The Co-Intelligence Institute // CII home // Y2K home
Apr 28, 1999
From: Michael Dowd
The Wisdom of Community Preparedness
Community Preparedness: Y2K Insurance/Wise Investment
by Michael Dowd and Larry Shook
By now, most people understand that the Year 2000 computer date change problem (Y2K) is a historic challenge. It confronts us with uncertainty and certainty at the same time. Uncertainty about what might happen. Certainty that the better prepared we are, the more able we'll be to manage whatever disruptions do occur.
Simply put, Y2K is a widespread programming condition that we can count on to cause unpredictable problems. That's because computers now regulate or impact just about every necessity we depend on. Electricity, food, water, medicine, sanitation, communication, transportation...If we use it, computers probably help us get it.
But will Y2K be a big problem or a minor irritation? Here's the rub: it's impossible to know ahead of time! Y2K represents the potential for many billions of errors and resulting problems in the world's computing, technology, economic and social systems. It's inevitable that some of those errors and their consequences will remain hidden until triggered by the tick of the clock. Meanwhile, intensive repair efforts are underway that will continue well after January 1, 2000. The success or failure of that work will have a direct bearing on Y2K's ultimate impact. Finally, individual and community contingency planning will play a major role in the way Y2K actually affects us. In other words, what we do between now and the Millennium could make a world of difference.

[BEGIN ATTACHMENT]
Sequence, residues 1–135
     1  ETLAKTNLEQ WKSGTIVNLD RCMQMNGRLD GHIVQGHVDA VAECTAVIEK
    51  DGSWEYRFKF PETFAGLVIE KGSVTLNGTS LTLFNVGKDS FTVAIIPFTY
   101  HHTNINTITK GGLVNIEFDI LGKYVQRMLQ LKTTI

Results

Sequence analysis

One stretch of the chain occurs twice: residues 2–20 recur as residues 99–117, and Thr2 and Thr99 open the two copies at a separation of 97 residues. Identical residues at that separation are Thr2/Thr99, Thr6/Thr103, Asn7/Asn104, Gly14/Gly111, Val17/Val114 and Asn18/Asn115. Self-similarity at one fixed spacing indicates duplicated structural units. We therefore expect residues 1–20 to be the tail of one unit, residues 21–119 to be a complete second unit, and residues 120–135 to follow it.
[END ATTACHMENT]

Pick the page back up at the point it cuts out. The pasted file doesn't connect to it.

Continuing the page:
Some are suggesting that we should prepare for Y2K as if we were preparing for a bad winter storm. That's good advice as far as it goes, but in light of the recent U.S. Congressional report: "Investigating the Impact of the Year 2000 Problem this counsel seems quite risky to us. As Senators Bennett (R-Utah) and Dodd (D-Conn), the authors of the report, warn: Make no mistake, this problem will affect us all individually and collectively in very profound ways. It will indeed impact individual businesses and the global economy. In some cases, lives could even be at risk. Those who suggest that Y2K will be nothing more than a bump in the road, are simply misinformed. This is one of the most serious and potentially devastating events this nation has ever encountered. It deserves our top priority. Americans must be prepared